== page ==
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View Full Version : Frank Buckles Stands Alone



leitmotiv
02-13-2008, 02:14 AM
http://www.newsweek.com/id/109681

joeap
02-13-2008, 03:00 AM
Well, like the article says, WWI is going to be secondhand history soon. Yet we are still living the consequences. A S! to the last of his generation, may he join his brothers in peace.

Pirschjaeger
02-13-2008, 03:13 AM
World War I has no national monument. No iconic images.

In fact, America's plans are more akin to those of its wartime enemy, Germany, whose last veteran died last month at 107 without official fanfare.

These two lines are a little misleading. In fact, I have seen many WW1 monuments and plaques here in Germany. In contrast, I've seen little in regards to WW2.

Also, I think the reason for the silence when Germany's last WW1 vet passed away was somewhat political. German politicians walk a very fine line on this topic and most would rather avoid it.

It's not correct to compare Germany and the US in this regard.

Maybe Bewolf will add to this.

Fritz

Bewolf
02-13-2008, 03:44 AM
Originally posted by Pirschjaeger:
World War I has no national monument. No iconic images.

In fact, America's plans are more akin to those of its wartime enemy, Germany, whose last veteran died last month at 107 without official fanfare.

These two lines are a little misleading. In fact, I have seen many WW1 monuments and plaques here in Germany. In contrast, I've seen little in regards to WW2.

Also, I think the reason for the silence when Germany's last WW1 vet passed away was somewhat political. German politicians walk a very fine line on this topic and most would rather avoid it.

It's not correct to compare Germany and the US in this regard.

Maybe Bewolf will add to this.

Fritz

Quite coorrect. WW1 got more monuments and plaques for a simple reason. After WW1 Germany did not see itself at fault, the same way other nations did not see it that way. Lot's of honor for the soliders back then, even in the Weimar Republic, which did in fact only made a politicall cut with imperial Germany, not a social one.
Great difference to WW2. Though there are plaques and monuments, too, they are much rarer. Often there were just lines added to already existing WW1 documents.

WW2 kinda also dragged down the memories of WW1. Moral defeat after WW2 was complete. WW2, especially after the 68 social and cultural shifts in society, was seen as a sole german fault. Everything coming beforehand, right through all of prussian history, was seen as bad, as a forerunner of what was to come in WW2. Prussian militarism was seen as the root of all evil. As such all of Germany's military past got a very very bad rep within this country.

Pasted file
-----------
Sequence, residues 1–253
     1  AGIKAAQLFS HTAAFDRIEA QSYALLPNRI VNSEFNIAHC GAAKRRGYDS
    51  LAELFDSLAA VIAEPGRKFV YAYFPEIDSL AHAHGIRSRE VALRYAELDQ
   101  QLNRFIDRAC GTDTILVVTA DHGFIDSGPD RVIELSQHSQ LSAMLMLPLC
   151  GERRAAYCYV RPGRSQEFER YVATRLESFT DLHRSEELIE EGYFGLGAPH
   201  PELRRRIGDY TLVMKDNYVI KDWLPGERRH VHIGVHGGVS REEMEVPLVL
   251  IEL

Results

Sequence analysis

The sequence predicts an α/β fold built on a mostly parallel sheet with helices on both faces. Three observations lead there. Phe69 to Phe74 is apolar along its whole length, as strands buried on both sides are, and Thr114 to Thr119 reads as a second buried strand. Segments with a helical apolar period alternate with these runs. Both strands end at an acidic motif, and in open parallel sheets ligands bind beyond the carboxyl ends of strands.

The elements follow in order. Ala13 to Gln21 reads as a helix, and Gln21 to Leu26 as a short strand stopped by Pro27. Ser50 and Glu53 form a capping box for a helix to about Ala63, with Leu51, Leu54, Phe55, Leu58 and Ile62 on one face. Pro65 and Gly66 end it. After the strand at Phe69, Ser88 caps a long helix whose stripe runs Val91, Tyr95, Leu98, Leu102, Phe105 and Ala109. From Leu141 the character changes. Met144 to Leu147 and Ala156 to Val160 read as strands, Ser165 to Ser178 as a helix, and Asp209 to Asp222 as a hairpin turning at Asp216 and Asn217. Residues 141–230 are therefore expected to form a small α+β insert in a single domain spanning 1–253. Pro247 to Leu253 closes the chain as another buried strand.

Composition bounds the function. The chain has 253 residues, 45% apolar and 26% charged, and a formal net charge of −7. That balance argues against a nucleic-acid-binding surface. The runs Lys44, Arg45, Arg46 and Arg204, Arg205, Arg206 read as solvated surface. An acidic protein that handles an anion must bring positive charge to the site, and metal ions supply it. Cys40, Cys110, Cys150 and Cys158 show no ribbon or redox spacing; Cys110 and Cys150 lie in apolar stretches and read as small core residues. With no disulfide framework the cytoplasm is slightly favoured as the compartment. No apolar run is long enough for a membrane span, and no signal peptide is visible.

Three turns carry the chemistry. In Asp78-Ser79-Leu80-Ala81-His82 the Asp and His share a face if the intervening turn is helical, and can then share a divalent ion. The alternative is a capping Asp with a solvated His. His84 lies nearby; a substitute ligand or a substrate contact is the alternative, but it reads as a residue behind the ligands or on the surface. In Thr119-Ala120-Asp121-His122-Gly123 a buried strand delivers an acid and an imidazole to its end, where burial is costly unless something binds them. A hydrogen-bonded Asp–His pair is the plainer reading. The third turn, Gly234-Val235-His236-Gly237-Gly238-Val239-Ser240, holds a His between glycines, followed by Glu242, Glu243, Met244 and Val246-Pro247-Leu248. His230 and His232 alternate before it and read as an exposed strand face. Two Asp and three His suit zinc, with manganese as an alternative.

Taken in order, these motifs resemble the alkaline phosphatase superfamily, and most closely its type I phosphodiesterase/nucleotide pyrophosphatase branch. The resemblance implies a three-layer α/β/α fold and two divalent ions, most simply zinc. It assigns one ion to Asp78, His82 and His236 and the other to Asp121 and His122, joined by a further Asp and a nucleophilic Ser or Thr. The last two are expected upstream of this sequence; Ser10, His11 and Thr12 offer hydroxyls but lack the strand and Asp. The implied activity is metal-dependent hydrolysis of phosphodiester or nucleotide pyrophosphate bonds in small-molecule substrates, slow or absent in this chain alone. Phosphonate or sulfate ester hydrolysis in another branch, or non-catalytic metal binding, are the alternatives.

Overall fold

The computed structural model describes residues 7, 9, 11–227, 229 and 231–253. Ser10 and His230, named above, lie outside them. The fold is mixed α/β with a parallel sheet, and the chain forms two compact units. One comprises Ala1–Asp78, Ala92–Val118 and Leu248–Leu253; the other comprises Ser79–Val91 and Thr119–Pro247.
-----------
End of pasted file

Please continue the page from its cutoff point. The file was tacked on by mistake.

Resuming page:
So it's not a big wonder why the last WW1 vet died without much notion. A polititian honoring a soldier walks a thin line indeed, as politic opposition may label it "war glorification". One of the biggest PC faux pas one can make here. Also a reason for the heavy anti war stance to this very day.

That said I often got the feeling americans are kinda ignorant to their own history as well. Whenver I was over there I had a hard time finding any historic buildings. Often it appeared of homes and structures are bulldozed over for yet another super market or a suburbian area. WW2 sticks out as the exception proving the rule.

But I also may be completly wrong here. Maybe some americans could shed some more light on that?

leitmotiv
02-13-2008, 04:58 AM
Originally posted by joeap:
Well, like the article says, WWI is going to be secondhand history soon. Yet we are still living the consequences. A S! to the last of his generation, may he join his brothers in peace.

Maybe not for quite a while. He was running his cattle farm single-handed until just a few years ago, throwing bales of hay to the cows like an eighteen-yr-old. He survived 3 1/2 years of starvation in a Japanese camp in the Philippines. His only child, his daughter, was born in 1955---we dated back in the '70's. Now she is his secretary, a full-time job with all the invitations he receives, and interviews he grants. He had no hard feelings about the Germans---he was the purser on Hamburg-America liners in the '30's, rode with the finest Prussian cavalry regiment at their invitation (he was a superb horseman), and hob-nobbed with the elite on board the ships.